Analogous Colors

Analogous colors are hues that lay next to each other on the color wheel. For example red, red-orange, and orange. The similar shades combined create a harmonious vibe. For example, the colors of tree leaves in the fall are analogous colors.

Monochromatic Colors

Monochromatic colors is a color scheme that uses different shades of one hue. A color is selected and then lightened or darkened to create variations of that color. For instance, navy blue, denim, and sky blue. You can select a warm color, a cool color, or light and dark shades to suit your design. Layering the same color by varying the saturation creates bold and dramatic energy. It can also help a busy design look cleaner and more organized.

Shop the Look! This design was created by eDesigns by Vee. Variations of the color blue create a monochromatic color scheme. Textures and patterns enhance the different shades and create visual interest.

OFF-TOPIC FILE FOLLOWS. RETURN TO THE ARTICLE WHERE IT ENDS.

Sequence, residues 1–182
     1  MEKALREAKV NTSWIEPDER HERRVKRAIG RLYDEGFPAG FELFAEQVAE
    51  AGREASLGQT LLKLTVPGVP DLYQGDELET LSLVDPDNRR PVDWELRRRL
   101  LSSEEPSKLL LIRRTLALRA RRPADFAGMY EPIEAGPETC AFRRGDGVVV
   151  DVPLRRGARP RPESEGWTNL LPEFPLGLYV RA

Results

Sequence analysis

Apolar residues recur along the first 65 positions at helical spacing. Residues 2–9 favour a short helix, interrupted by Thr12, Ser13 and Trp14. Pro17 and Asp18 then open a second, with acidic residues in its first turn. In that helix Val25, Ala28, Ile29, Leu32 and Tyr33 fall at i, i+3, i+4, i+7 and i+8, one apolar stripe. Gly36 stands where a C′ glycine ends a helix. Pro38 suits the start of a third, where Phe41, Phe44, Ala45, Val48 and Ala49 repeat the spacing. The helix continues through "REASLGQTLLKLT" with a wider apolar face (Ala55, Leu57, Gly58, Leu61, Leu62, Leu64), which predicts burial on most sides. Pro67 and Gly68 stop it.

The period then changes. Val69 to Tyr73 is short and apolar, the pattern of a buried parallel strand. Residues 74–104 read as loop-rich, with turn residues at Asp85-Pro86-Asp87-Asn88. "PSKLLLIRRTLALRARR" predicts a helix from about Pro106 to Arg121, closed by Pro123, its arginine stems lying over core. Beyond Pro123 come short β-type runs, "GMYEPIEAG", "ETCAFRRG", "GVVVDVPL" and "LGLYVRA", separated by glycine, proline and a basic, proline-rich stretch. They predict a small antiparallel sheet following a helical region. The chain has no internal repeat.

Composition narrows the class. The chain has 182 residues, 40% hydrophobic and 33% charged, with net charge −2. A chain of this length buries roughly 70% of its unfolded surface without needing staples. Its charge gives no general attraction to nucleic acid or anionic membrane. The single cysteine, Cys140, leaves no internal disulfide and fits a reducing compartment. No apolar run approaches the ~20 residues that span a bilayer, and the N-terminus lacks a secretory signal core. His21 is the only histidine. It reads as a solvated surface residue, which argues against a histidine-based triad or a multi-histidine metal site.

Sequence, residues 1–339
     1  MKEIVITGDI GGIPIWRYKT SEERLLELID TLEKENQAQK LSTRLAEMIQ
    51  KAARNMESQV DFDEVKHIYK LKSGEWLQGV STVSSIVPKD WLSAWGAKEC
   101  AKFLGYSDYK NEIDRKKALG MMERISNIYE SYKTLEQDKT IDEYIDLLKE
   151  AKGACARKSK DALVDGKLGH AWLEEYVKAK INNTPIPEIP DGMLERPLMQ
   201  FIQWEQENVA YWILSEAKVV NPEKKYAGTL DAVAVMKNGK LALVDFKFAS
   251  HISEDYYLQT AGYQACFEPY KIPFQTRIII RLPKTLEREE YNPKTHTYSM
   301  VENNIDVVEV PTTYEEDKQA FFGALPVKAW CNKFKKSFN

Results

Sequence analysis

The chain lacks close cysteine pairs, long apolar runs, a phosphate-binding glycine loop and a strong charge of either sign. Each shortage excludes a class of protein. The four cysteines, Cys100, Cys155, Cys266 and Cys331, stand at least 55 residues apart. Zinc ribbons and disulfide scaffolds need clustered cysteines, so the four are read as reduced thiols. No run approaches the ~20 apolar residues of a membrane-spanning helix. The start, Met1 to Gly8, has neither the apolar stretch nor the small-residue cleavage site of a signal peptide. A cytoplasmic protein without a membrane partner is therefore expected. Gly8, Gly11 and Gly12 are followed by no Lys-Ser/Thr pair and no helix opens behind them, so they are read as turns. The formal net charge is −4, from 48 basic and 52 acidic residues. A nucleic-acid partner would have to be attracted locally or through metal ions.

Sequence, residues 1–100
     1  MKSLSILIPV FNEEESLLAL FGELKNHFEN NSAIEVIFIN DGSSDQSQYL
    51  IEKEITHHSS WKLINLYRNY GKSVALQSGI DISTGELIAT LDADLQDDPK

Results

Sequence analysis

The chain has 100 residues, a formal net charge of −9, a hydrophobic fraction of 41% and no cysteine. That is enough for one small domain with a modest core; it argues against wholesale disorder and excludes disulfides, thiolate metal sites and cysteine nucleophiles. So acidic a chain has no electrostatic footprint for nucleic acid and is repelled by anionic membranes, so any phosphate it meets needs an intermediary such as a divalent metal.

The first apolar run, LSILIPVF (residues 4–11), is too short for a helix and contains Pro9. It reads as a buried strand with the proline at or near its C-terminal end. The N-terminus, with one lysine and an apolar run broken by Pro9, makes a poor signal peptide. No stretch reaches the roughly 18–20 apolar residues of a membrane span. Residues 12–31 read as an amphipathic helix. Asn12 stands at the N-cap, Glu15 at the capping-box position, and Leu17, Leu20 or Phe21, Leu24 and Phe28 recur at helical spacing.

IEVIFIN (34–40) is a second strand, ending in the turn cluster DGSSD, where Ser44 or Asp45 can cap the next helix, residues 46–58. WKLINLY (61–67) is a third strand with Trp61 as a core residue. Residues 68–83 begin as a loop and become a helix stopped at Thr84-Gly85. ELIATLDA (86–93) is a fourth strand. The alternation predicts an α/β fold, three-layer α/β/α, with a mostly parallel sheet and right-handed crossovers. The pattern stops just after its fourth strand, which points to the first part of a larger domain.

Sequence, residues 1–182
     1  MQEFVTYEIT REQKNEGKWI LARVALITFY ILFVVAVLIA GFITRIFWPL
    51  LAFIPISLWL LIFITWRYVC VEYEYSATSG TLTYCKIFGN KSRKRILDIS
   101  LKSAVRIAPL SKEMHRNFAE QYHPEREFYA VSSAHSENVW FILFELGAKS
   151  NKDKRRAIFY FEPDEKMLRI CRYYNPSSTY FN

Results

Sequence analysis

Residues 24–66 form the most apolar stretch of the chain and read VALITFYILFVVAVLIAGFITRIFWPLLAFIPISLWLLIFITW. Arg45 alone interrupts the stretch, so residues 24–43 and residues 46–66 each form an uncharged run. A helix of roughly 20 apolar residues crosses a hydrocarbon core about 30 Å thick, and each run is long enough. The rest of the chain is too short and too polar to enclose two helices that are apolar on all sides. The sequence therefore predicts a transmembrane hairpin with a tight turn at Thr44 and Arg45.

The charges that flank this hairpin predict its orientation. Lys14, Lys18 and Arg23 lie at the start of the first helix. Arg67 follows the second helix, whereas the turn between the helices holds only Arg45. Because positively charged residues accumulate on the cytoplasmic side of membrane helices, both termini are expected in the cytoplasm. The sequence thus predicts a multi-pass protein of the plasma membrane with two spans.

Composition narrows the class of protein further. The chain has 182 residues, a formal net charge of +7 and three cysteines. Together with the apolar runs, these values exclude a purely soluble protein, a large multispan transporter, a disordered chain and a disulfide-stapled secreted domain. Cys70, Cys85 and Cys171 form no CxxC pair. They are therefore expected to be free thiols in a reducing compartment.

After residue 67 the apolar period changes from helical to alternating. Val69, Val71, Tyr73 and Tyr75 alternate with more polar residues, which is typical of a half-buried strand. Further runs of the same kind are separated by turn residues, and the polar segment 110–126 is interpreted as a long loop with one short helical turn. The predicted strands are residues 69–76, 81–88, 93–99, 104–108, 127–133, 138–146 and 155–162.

Neutral Colors

Neutral colors are created when primary hues or complementary colors are mixed together. Examples of neutral colors are beige, ivory, taupe, black, gray, and shades of white. These colors are not found on the color wheel since they are muted shades that lack color. Neutral colors complement the colors on the color wheel as they do not compete; they create balance.

When using neutrals mix different tones, shades, textures, and patterns to elevate the design and create visual interest. Using brighter neutrals gives a space an open, clean, and airy look. Darker neutrals give a space a cozier vibe.

60-30-10 Rule

Many designers use the 60-30-10 rule to create balanced color schemes in their designs. The rule advises that 60% of a room should be the dominant color, 30% should be the secondary color and 10% should be the accent color. For example, the 60% dominant color can be used on walls, area rugs, or large furniture. The 30% secondary color can be used in accent chairs, window treatments, bedding, and rugs. The 10% accent color in throw pillows, art, and accessories.